Friday, November 28, 2008

Cavafy Reprise

James Robert Hopkins sends another version of the Cavafy poem, this one from Aliki Barnstone's recent volume. Thanks, James!


IN THE SAME SPACE

Surroundings of the house, meeting places, neighborhoods
that I see and where I walk, for years and years.

I created you with joys and sorrows,
so many events, so many things.

And you've made yourself all feeling for me.


This version makes me think about the final line in a different light, since in each of the three translations, the speaker doesn't seem to have actively transformed the neighborhood; it's never "I have made you into feeling", but rather, "you've made yourself," or "the whole of you has been transformed," or "you've been wholly remade" -- in other words, it's the world that transforms itself in us.

This is especially interesting after the active work of line three: "I created you" or "I crafted you..." But it would seem from the final line that it's the world that's really in charge here, not the artist.

3 comments:

Robert said...

Do you know the essay "Lost Cities" by Rachel Cohen? It's a wonderful essay about poetry and cities and Cavafy and Pessoa ... There's a link here.

nico said...

You can listen to this poem in Greek (read by G. Savvidis) in: http://www.snhell.gr/lections/writer.asp?id=60. Its no 198 and 199.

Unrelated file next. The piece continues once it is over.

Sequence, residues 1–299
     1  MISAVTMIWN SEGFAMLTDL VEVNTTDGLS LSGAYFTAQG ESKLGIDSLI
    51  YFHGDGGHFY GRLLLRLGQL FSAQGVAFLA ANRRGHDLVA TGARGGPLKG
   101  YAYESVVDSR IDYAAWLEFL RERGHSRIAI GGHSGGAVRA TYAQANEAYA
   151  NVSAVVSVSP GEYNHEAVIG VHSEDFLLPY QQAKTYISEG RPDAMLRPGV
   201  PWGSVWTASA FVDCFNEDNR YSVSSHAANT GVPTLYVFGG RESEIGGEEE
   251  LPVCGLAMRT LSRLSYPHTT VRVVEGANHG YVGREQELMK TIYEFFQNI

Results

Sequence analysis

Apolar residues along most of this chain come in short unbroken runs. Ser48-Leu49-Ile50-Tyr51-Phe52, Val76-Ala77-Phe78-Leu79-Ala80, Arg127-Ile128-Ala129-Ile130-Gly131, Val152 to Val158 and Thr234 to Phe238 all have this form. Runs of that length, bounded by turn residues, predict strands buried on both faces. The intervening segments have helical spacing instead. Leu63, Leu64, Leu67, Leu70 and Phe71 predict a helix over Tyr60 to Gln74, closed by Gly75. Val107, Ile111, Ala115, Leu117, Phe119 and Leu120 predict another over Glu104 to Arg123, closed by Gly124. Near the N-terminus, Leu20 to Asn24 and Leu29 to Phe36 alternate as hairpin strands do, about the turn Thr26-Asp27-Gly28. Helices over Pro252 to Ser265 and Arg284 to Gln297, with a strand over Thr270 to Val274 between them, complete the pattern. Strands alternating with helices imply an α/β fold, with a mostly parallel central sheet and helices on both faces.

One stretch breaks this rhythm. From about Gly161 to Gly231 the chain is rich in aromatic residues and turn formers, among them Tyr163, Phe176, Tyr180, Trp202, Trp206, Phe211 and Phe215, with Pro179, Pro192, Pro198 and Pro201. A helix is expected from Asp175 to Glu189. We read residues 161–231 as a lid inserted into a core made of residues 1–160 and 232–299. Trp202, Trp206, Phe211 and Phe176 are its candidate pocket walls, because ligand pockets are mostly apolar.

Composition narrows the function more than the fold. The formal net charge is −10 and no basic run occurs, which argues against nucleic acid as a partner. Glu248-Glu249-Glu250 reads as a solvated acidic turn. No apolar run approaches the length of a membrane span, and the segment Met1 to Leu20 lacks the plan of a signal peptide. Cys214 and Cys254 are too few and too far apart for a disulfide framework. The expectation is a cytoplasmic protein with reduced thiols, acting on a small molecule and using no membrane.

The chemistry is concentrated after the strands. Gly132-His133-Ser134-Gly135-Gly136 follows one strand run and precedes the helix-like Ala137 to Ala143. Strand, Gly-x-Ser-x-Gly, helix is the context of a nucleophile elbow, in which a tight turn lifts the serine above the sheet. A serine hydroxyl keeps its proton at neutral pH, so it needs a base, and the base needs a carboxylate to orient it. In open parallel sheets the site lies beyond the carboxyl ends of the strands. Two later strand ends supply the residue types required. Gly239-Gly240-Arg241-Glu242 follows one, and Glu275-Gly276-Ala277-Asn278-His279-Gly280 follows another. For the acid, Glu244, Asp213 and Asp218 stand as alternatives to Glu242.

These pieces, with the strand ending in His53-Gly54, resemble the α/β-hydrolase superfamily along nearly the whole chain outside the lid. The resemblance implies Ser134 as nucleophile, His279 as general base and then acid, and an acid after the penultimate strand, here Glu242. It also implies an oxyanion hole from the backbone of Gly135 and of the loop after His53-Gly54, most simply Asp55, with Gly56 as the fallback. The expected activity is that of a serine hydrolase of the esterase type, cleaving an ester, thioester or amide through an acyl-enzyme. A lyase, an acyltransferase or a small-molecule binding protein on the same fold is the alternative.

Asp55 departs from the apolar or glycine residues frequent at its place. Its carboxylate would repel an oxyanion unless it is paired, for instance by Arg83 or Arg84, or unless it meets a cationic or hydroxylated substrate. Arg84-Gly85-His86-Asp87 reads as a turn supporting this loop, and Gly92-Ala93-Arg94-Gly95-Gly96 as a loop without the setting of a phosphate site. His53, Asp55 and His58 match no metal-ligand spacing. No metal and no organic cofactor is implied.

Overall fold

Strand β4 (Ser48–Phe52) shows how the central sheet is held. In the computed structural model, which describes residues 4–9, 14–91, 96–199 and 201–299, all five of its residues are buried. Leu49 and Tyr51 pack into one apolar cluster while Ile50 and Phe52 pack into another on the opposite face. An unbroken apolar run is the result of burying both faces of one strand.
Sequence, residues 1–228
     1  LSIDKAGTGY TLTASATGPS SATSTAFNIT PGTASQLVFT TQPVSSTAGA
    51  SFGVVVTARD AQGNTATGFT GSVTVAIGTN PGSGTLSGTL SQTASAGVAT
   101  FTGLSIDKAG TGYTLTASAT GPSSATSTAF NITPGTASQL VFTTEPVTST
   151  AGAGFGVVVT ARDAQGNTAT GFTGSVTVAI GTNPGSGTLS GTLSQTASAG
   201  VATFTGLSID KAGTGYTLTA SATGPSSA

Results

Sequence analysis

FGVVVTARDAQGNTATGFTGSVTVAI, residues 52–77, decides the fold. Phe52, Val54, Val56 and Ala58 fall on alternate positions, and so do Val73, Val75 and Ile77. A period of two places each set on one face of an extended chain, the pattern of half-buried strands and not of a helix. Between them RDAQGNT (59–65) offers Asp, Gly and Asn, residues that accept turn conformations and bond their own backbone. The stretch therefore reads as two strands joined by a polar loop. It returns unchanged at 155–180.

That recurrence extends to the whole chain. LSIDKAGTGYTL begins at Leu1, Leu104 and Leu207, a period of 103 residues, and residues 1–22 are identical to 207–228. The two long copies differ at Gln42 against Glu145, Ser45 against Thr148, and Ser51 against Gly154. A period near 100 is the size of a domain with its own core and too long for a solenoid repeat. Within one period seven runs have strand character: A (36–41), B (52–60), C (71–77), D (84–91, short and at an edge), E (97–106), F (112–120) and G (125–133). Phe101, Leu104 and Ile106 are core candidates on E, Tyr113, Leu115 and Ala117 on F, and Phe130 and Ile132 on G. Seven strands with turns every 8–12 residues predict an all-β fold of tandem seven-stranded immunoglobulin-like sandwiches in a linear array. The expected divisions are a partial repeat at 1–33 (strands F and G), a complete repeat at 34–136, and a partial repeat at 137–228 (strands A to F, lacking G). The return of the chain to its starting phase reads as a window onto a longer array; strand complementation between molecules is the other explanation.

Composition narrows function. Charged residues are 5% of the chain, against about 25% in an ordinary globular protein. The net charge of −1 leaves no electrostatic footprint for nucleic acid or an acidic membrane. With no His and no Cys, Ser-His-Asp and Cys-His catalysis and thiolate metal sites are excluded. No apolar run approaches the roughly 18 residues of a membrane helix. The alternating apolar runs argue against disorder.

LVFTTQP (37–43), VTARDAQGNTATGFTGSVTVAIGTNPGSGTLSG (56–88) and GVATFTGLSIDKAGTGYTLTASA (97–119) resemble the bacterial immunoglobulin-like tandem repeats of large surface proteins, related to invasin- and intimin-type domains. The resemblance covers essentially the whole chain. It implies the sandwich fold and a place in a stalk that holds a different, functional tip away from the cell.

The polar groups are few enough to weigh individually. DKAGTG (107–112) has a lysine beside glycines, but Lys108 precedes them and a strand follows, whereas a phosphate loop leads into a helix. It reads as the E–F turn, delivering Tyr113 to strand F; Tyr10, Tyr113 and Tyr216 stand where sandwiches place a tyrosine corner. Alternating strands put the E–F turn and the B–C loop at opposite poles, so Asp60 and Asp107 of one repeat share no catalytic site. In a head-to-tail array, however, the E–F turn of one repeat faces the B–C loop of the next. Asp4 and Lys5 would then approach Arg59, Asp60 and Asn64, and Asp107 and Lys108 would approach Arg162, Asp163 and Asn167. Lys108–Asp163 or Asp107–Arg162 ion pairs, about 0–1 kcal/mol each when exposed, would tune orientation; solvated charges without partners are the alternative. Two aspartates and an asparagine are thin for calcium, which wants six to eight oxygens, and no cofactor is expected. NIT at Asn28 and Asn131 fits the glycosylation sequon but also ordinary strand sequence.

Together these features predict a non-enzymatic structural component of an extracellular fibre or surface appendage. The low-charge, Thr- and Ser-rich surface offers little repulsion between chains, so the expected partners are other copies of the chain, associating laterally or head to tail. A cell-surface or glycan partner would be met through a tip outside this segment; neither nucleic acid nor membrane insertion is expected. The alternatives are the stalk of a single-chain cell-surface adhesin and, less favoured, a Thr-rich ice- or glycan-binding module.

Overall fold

Binh around the City said...

Dear Mark--

I admire Aliki Barnstone's translation of Cavafy's "In the Same Space" the most. There is something natural, something simple and un-gimmicky with her diction and pacing. I see the speaker in the poem looking back, leisurely and clearly now, of the old places.

Barnstone's second line makes my mind jump immediately to a lovely poem by a good, solid American poet, that I read two years ago, when I first moved to NYC. Here 'tis, in full:

Where I built my house

Does being born matter
now that I am leaving it behind? Where
is a world I can go to
other than this ground
on which I walk and where I built my house?

Am I complaining of the shortness of life?
I am, that makes me much like everyone else.
Follow Adam, the leader, into the ground.

--David Ignatow,
from LIVING IS WHAT I WANTED: LAST POEMS (1999)